Whilst not officially the first Islamic Month on the Lunar Calendar, the month of Ramadan is often regarded as the start of the Islamic Year with respect to developing a change in oneself. One reason for this is bound to be the inclusion in this month of the Night of Qadr, where one’s destiny for the coming year is said to be written. This month is, therefore, an opportunity to develop resolutions for the coming year. Here are a few that you might consider!
1. Connect with the Qur’an
We instinctively introduce the month of Ramadan as a month of fasting, but God introduces it as “that in which the Quran was revealed”, (Qur’an, 2:185) and traditions suggest fasting is obligatory in this month because the Qur’an was revealed in it. Interestingly, these narrations also report it to be the month of revelation of the Torah, Psalms and the Bible. The month provides the ideal platform to explore the book and make it a daily part of our lives, especially in an age where English translations are freely available. Reading one verse from the Qur’an in this month is said to be equivalent in reward to reciting the whole book in other months.
They say that reading is to the mind what exercise is to the body. “Read” was the first word revealed by God to the Prophet Muhammad (saw), yet it is becoming less and less common in today’s society. Recent statistics found 4 million adults in the UK never read for pleasure, and 25% of Americans over 16 have not read a book in the last year. Reading is not only educational but has been found to increase general wellbeing and has numerous health benefits including the reduction of stress and Alzheimer’s Dementia.
3. Digital Detox
Swiping through your Facebook and Instagram feeds might seem like easy ways to get through a long fast, but we know we could spend the time more productively. For children and young people, social media can be even more dangerous, be it the concerns around children being exposed to screens from a tender age to young people being exposed to cyber bullying and trolling. As fasting cleanses your body physically, why not try cleansing your daily routine by changing the way you use social media this month?
4. Rekindle ties with family and friends
One of the benefits of the digital age is the ease with which we can pick up a phone and speak to family and friends. In Shahr Ramadan, this becomes even easier as communities often gather to eat in the evenings. Islamic narrations mention how keeping strong family relations lengthens one’s life, and this is supported scientifically. This month also provides a good opportunity to mend relationships which might be patchy.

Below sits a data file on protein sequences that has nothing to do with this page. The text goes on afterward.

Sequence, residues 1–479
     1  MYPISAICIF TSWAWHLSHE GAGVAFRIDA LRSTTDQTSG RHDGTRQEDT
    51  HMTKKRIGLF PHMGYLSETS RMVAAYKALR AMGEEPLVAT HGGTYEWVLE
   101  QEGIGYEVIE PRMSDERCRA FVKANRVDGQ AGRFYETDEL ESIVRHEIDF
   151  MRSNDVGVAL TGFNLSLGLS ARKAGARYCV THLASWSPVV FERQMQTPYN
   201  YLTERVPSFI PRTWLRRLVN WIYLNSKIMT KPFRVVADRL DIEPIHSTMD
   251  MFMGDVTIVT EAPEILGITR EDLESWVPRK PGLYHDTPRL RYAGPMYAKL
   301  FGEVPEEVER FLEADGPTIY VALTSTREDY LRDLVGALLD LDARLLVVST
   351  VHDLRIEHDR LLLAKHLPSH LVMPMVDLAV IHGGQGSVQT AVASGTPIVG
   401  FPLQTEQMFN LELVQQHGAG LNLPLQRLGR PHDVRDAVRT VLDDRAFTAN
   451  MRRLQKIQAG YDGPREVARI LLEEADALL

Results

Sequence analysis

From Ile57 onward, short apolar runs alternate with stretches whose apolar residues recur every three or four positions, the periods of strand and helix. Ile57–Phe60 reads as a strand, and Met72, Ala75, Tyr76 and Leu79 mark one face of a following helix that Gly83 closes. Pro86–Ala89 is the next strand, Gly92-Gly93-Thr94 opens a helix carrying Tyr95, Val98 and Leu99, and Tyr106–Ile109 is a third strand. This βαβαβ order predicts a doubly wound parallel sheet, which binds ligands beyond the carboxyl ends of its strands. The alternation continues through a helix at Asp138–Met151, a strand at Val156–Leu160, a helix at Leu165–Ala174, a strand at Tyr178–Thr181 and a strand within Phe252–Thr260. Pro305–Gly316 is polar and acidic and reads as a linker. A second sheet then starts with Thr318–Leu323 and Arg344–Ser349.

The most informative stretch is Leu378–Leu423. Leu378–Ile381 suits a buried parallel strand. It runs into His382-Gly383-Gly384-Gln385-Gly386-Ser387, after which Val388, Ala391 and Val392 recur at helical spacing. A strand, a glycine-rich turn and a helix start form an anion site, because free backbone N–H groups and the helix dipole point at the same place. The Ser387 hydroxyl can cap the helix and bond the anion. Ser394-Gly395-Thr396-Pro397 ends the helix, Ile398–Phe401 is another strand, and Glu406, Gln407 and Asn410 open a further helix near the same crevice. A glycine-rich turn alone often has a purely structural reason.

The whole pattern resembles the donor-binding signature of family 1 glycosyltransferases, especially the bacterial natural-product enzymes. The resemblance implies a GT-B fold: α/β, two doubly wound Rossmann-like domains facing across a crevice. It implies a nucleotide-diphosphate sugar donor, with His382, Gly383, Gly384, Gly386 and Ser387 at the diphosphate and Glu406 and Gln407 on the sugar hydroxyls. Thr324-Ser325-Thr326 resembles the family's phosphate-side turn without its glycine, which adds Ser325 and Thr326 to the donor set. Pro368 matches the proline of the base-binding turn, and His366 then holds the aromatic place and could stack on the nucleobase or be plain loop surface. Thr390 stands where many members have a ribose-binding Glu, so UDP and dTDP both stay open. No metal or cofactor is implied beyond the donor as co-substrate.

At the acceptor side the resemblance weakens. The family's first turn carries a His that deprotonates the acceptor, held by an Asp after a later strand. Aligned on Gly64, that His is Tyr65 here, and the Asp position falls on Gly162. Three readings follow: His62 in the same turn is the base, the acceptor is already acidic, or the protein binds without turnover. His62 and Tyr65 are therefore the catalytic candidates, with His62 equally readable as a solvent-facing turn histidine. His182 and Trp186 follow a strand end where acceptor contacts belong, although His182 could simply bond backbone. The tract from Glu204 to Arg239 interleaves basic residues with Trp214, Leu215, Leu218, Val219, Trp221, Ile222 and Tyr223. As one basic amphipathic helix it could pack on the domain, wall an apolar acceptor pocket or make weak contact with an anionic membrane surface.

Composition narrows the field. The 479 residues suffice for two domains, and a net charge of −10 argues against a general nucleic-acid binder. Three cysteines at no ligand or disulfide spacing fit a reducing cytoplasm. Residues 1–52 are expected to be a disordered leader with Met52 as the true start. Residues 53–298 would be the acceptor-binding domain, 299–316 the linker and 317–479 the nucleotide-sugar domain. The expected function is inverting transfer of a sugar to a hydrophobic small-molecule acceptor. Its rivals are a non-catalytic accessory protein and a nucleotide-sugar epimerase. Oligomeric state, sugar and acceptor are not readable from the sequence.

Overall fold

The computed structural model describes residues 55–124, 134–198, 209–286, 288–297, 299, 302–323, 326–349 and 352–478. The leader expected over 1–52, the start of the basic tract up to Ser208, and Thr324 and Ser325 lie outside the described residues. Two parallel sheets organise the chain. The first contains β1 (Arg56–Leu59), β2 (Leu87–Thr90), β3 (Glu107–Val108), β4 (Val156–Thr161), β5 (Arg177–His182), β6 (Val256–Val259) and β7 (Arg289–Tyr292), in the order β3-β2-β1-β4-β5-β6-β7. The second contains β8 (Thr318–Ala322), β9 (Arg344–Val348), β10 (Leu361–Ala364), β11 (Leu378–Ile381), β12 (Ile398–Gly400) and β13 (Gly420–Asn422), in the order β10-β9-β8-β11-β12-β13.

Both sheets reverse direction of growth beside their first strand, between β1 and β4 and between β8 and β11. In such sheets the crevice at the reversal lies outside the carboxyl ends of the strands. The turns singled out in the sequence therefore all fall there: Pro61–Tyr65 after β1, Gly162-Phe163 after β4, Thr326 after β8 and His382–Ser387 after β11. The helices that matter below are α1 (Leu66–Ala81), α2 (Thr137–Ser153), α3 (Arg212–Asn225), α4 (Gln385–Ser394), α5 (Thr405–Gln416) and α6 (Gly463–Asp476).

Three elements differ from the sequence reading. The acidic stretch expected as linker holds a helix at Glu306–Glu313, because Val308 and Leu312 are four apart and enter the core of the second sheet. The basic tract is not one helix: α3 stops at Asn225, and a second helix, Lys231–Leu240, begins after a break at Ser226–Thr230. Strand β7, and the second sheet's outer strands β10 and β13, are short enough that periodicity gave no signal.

5. Think about others
Last year, UK Muslims donated £38 a second during the month of Ramadan, and the Muslim community is known to be the most charitable religious group in Britain. The Month of Ramadan has a close association with charity, and giving charity in the month is said to ward off 70 types of calamity. Charity is becoming more important in an age where inequality is increasing – the world’s richest eight people now have the same wealth as the poorest 50% of the global population.
6. Fasting of the limbs
The Prophet Muhammad’s (pbuh) daughter Fatima said: “What is the fasting person doing with his fast if he is not guarding his tongue, his hearing, his sight and his limbs [from sins]?” The month of Ramadan affords an ideal opportunity to better one’s morals. Whether it be controlling your temper, doing random acts of kindness towards strangers, or just smiling more, these good traits can become part and parcel of your daily life after the month ends.
7. Attention to prayers
The Prophet Muhammad (pbuh) used to increase his prayers in the month of Ramadan and exhorted us to do the same. This is known as the month of God and it is the ideal time to connect with Him, whether it be catching up with missed prayers, performing surplus prayers or paying more attention to the timing of prayers.
8. Explore beautiful supplications
We have some gems in the forms of supplications of the Prophet’s family members. In Dua Abu Hamza Thamali, Imam Ali ibn Husayn talks to God in mesmerising fashion (“I knew of You by You, and You directed me to You and called me to You, and without You, I would not have known what You are”). Similarly, the supplications of Tawbah and Makarimul Akhlaq are quite exquisite in the way they speak of repentance and good morals respectively.
9. Stay healthy
This month is often called a detox month, but this can only be the case if we eat and drink sensibly! Downing deep fried delicacies and spending most nights smoking shisha won’t be as cleansing as we might hope, but if we take heed of our diet, the month can have huge health benefits. Check out the article I wrote for The Muslim Vibe last year on the topic of having a healthy month of Ramadan.
10. Switch off from autopilot mode
The month of Ramadan is a great chance to develop yourself spiritually and to spend time pondering about the purpose of our existence. The worldly desires of food, drink and sex are forbidden, forcing us to think deeper. The month may, therefore, be a necessary hiatus for us to look at where we are going with our lives, away from the autopilot mode of working, eating and sleeping we often end up in for the rest of the year.